Friday, October 15, 2021

The Radiant Virtues Bible - Interacting with the Word through art and journaling

The Bible is a book not just to read but to interact with. Some might seek out cross references. Others may look for archaeological insights. Some might research cultural implications. Some may even explore the original languages. Some may want to artistically interact with the Word, and if that’s you then
The Radiant Virtues Bible may be just for you. Saying that, I must say this is not a coloring book, but an invitation to spiritual interaction and introspection through art and journaling.

The Radiant Virtues Bible, which contains the full text of the popular NIV translation, guides the reader through a 52-week journey of the Bible with well-written and thought-provoking devotionals all 52 of which come with a coloring page related to that week’s reading. The devotionals are centered on the three virtues of 1 Corinthians 13 – Faith, Hope, and Love. These virtues are also emphasized throughout the text with passages highlighted the color that corresponds to each virtue.  In addition, there are beautiful Scripture graphics scattered throughout along with margins on each page for your notes and reflections. Included in the back of the Bible are detachable, artistic cards. Additional reading plans are provided as well as a Table of Weights and Measures (this Bible has no maps, concordance, or study notes other than the basic NIV textual notes).

If you, or someone you know, has an artistic inclination, then this Bible could provide an outlet for regular Bible reading that is not available in any other Bible that I have seen. I love that it includes the entire Biblical text allowing the reader to explore the context and overarching message of the most popular and oft-quoted verses in Scripture which can often be misinterpreted devoid of the Biblical context. A real value I see in this Bible is the opportunity it provides for the reader to return months or even years later to relive their journey and even to add to it with new insights into the Word.

Download a sample here.

I have received The Radiant Virtues Bible for free as a member of the Bible Gateway Blogger Grid, #BibleGatewayPartner, with the agreement that I would submit this review. The Radiant Virtues Bible can be purchased through various online stores including the FaithGateway Store.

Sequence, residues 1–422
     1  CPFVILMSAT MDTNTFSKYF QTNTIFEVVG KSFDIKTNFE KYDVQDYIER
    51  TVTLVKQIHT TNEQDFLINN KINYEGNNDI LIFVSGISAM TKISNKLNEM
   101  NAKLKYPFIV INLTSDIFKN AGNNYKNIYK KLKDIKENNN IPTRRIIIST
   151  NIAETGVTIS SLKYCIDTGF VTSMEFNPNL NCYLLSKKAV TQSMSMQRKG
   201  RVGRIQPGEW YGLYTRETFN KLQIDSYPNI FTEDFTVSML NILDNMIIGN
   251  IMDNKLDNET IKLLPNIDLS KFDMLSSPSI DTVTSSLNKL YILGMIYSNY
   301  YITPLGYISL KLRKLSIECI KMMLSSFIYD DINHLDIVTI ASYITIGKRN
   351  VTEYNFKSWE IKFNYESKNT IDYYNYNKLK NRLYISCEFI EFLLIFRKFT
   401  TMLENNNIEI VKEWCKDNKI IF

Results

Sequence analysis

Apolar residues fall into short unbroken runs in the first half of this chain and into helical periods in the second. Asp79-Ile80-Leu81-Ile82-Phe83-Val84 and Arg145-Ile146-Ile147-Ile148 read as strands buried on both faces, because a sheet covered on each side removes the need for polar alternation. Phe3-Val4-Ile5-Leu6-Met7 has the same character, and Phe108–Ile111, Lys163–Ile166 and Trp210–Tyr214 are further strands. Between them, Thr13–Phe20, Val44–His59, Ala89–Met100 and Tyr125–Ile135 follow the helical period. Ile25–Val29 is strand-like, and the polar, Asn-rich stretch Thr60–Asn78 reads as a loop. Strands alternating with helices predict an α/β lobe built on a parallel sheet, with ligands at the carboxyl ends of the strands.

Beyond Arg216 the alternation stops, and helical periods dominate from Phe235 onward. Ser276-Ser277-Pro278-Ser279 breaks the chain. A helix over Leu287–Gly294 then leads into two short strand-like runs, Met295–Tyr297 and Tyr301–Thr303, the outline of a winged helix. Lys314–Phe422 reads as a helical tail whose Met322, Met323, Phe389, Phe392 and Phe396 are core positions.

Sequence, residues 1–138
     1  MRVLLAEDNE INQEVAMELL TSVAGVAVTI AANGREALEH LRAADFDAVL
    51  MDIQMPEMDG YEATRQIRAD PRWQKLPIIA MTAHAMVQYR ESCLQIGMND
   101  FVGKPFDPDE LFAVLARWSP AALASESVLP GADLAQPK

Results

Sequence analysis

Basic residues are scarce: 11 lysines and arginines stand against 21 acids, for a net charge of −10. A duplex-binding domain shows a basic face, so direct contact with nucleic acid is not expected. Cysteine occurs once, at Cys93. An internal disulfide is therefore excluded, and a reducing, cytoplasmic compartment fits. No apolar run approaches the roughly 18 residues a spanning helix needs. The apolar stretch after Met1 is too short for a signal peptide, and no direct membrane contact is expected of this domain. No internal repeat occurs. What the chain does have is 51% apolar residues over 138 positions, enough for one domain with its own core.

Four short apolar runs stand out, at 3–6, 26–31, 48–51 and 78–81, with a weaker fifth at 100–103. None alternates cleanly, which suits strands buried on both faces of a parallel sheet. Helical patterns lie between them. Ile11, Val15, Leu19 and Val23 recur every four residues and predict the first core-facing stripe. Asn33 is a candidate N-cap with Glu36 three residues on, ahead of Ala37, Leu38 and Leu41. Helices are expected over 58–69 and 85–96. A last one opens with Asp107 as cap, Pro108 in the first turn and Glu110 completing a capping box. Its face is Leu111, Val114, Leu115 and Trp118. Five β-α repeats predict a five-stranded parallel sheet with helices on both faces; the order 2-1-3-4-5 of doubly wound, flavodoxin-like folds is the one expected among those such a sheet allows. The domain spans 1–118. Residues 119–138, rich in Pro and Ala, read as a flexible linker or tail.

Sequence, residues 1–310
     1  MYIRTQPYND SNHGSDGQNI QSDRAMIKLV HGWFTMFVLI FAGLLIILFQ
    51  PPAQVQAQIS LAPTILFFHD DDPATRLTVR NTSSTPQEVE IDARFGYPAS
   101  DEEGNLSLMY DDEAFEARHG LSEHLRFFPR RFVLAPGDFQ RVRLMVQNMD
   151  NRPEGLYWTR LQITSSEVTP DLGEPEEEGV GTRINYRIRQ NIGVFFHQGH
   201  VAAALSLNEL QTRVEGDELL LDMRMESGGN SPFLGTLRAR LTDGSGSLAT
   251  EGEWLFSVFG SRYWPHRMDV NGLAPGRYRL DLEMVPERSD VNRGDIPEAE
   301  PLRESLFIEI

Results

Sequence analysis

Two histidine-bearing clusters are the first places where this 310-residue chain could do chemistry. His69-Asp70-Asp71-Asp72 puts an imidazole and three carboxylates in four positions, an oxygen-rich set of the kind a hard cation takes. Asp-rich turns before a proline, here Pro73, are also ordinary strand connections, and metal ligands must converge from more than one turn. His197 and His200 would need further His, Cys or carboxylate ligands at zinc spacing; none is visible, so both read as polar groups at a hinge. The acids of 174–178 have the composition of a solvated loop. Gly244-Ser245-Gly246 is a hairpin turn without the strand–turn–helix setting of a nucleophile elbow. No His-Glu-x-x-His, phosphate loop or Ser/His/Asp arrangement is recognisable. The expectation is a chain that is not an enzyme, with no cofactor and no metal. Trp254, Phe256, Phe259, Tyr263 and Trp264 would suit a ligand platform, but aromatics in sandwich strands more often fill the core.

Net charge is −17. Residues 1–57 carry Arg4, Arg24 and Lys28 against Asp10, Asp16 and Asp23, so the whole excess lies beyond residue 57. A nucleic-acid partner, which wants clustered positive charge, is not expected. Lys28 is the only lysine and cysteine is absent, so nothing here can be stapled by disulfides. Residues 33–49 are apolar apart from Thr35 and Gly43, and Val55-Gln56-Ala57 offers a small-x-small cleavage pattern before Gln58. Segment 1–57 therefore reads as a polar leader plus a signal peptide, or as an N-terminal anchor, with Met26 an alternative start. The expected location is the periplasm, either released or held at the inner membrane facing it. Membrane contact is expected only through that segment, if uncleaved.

Tuesday, October 12, 2021

See. Feel. Act.

Jesus was a master teacher, and one of his most often employed teaching techniques was telling stories. These short stories utilize people, objects, and situations that we are all familiar with – things like farming, working, weddings, buildings – and then uses them to make a spiritual application. These stories are often called parables and some of them are so powerful that they are familiar even to people who have never read the Bible. Everyone has heard of the lost sheep, the good Samaritan, the prodigal son, the pearl of great price.  All of these familiar phrases have their origin in one of these stories of Jesus. They are really quite remarkable and if you haven’t read them you need to!  

I recently taught on one of these parables, the Good Samaritan. It’s a story of man traveling a treacherous road and is robbed, stripped of his clothing, and left for dead on the side of the road. Three people pass by, but only one stops to offer aid. The first two are known to be religious people, a priest and a Levite, who certainly know what they should do but, for reasons Jesus never reveals, they pass by on the other side. The third man is a Samaritan, a race of people not regarded as especially pious and, for the most part, despised by those who were (or thought they were). This is the man who stops and cares for the victim. He is the one who is good. To the original Jewish audience, the fact that the hero of the story is a Samaritan would have been utterly shocking, for Samaritans and Jews were notorious enemies. The point of the story is that the command to love our neighbor extends to everyone in need, not just to people we like or agree with.

The parable is quite simple. It destroys any boundaries we create that deem some people worthy of our love and others unworthy. We all know that we should love everyone. So why don’t we?

As I contemplated this story I noticed that there was a critical disconnect in the priest and the Levite that wasn’t present in the Samaritan. As Jesus tells the story he notes that all three saw the same thing – a man on the side of the road obviously in need, but only the Samaritan felt compassion.  And there was the critical difference. The priest and the Levite saw but didn’t feel. The Samaritan saw and felt.

Seeing people in need is not that difficult. Everyday we find ourselves walking alongside people who are hurting – at work, at school, at the store, at church. There are literally dozens of people that we encounter weekly who need something that we can help with. So why don’t we help more often, if at all?

Perhaps there is the same disconnect in our lives as well – we see but don’t feel. Either we have become so callous to pain that we no longer are moved to compassion or maybe we turn our heads so quickly and pick up our pace that we easily dismiss the hurting people around us. In any case, I think we need to work on our ability and willingness to be compassionate. For only when the Samaritan sees and feels does he act.

And isn’t that what real love is? Seeing, feeling, and acting. May God help us stop and offer help to those wounded and hurting on the treacherous road of life. Chances are, you’ll come by one today.